It all started as an exchange of ideas over coffee—in a few years, batteries produced using algae could be installed in the next generation of electric cars or in the ferry crossing the fjord.
Researchers from the Department of Materials Science and Engineering may have come up with a way to improve the negative electrode of a lithium-ion battery, the anode, considerably. The new anode material, based on algae, has a better capacity, is more environmentally-friendly to produce and will last longer and perform better. Fride Vullum-Bruer had attended a meeting, and afterwards she and a colleague started toying with the idea of using algae in energy production. “We had heard about a project where they used algae in solar panel production to collect light, but they couldn’t make it work due to the many challenges associated with the algae. We were inspired and didn’t let their results deter us, and I started incorporating this into my research on battery technology.” The team has been granted funding from NTNU Discovery to test the material in a full-cell battery prototype. “This funding is critical in terms of taking this technology to the next level,” says Susanne Jäschke, who is the TTO project manager. The project now has a name: Diatoma.
This is the team who wants to take batterie tecknology to a new level. From left project manager Susanne Jäschke from TTO, Entrepreneur-in-Residence Kristin Lønsethagen, founder Andreas Norberg and inventor Fride Vullum-Bruer.
GREENER AND MORE AFFORDABLE
The biggest challenge we face with current anode materials, is that we have reached the limit in terms of performance; we can’t get them to store any more energy. Today’s batteries are a bottleneck in the renewable energy shift currently sweeping Europe. New materials are needed to improve quality. In addition, current materials are not very environmentally-friendly. The most commonly used material is graphite, which is either mined from fossil resources or synthetically manufactured with a considerable carbon footprint. Production of battery electrodes also requires dangerous chemicals, and the high cost of these electrodes is a reflection of the stringent health and safety requirements that apply to their production.
“So now, when we are introducing a better, less expensive and more environmentally-friendly anode by using renewable raw materials, and it also has a better capacity than any other anode commercially available today, we have really eliminated several major problems with the current technology,” says Fride Vullum-Bruer, smiling.
So what is it about the algae that makes this possible? These algae grow in both fresh and salt water and they are a renewable resource. We are able to use their natural nanostructure in the battery electrode without much refinement. Normally it takes years in the lab to replicate nature’s nanostructures, but in this case they can be implemented in the process straight away. In addition, we use a binding agent in the electrode, which enables us to use water as a solvent, instead of the toxic chemicals used in today’s battery production.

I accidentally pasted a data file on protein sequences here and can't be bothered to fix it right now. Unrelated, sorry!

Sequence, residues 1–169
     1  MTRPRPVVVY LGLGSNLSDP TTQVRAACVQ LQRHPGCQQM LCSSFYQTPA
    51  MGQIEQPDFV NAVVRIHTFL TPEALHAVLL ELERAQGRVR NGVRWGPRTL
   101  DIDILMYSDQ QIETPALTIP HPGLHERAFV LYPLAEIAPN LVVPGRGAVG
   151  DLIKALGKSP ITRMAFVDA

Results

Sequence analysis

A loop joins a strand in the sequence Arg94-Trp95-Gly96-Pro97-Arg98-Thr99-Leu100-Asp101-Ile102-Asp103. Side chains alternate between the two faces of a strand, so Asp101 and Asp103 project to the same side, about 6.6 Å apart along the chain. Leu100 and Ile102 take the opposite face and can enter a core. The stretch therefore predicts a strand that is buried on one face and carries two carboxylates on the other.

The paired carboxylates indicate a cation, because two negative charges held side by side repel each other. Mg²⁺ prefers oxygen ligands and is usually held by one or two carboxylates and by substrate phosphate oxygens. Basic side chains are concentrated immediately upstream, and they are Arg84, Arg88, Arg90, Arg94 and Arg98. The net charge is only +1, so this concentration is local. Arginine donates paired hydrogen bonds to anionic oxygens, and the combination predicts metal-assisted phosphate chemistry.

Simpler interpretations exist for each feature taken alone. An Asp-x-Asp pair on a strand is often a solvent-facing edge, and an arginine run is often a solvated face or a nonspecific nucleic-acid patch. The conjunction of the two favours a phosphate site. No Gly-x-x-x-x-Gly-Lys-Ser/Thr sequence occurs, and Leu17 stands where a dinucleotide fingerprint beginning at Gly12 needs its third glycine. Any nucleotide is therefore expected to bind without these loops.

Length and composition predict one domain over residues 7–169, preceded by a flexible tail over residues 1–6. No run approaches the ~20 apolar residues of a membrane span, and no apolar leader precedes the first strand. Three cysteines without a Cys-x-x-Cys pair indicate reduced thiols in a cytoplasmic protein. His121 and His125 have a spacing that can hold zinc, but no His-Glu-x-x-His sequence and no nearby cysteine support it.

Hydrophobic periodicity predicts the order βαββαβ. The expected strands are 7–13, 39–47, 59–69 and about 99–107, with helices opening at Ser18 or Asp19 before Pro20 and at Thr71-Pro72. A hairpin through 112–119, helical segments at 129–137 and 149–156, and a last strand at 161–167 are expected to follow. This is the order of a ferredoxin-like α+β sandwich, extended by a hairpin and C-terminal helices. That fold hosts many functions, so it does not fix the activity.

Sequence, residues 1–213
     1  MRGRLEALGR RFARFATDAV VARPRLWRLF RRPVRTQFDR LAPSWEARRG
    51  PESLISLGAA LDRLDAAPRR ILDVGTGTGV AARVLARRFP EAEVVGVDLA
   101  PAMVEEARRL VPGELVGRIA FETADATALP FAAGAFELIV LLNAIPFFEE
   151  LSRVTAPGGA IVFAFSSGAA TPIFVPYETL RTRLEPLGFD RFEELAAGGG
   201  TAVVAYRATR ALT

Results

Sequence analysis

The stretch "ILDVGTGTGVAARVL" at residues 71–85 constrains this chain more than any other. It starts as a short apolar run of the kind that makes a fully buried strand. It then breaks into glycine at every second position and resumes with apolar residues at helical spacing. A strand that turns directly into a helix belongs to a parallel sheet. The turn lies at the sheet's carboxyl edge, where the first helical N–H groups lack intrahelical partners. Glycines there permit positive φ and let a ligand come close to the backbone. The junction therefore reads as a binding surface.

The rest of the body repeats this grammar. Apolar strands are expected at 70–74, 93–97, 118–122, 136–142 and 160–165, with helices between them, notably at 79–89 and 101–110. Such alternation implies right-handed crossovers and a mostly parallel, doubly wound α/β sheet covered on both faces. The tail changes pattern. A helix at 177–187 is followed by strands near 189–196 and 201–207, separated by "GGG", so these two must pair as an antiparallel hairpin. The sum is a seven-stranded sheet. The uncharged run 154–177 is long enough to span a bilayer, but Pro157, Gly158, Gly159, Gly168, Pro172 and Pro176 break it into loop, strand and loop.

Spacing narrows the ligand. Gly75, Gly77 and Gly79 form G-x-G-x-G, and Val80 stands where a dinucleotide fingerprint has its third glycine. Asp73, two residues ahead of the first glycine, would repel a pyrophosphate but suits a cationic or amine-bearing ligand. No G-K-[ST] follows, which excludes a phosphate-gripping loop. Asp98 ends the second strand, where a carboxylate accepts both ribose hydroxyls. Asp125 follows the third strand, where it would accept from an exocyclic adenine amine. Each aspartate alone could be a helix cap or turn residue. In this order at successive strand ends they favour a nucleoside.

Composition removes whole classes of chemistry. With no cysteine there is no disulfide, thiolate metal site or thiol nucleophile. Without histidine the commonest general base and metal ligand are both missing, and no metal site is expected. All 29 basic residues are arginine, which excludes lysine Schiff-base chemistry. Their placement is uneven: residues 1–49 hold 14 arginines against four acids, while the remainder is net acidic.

The final product will therefore include less hazardous substances than conventional batteries and have a much smaller carbon footprint. Fride Vullum-Bruer filed the patent application in 2015. “Since my co-inventor and postdoctoral fellow moved back to her home country, we didn’t have anyone to continue developing the technical side of things. Recently, however, we were able to bring in Andreas Norberg, a dedicated entrepreneur with a background in nanotechnology.
Major industry partners, who manufacture battery solutions for maritime applications in Trondheim, contribute to the project as consultants, and they are virtually champing at the bit to test the new technology. “It’s really a dream situation,” says Jäschke. “In time, we have plans to establish production of the anode material in Trondheim. The technology holds great promise, but there are some challenges we hope to resolve in testing.” These challenges will be sought resolved by building a full-cell prototype with the new anode material and a standard cathode to confirm that this type of battery has a capacity up to 40 percent higher than commercially available batteries with a graphite/carbon anode.
“We have already proven that the anode material can handle 1000 cycles of charging and discharging, which is a very good starting point for further development,” says Kristin Lønsethagen, entrepreneur-in-residence at TTO, who also has a background in nanotechnology. “Now we just have to go big and prove superior performance in a full cell,” Norberg concludes.
All batteries consist of an anode, which attracts electrons, a cathode, which emits electrons, and an electrolyte solution, which transports the ions between the two. In a rechargeable battery, the anode and cathode are defined by their cell reactions during discharge. The anode in a Li-ion battery is usually made of carbon. The lattice structure of carbon is ideal for capturing lithium atoms.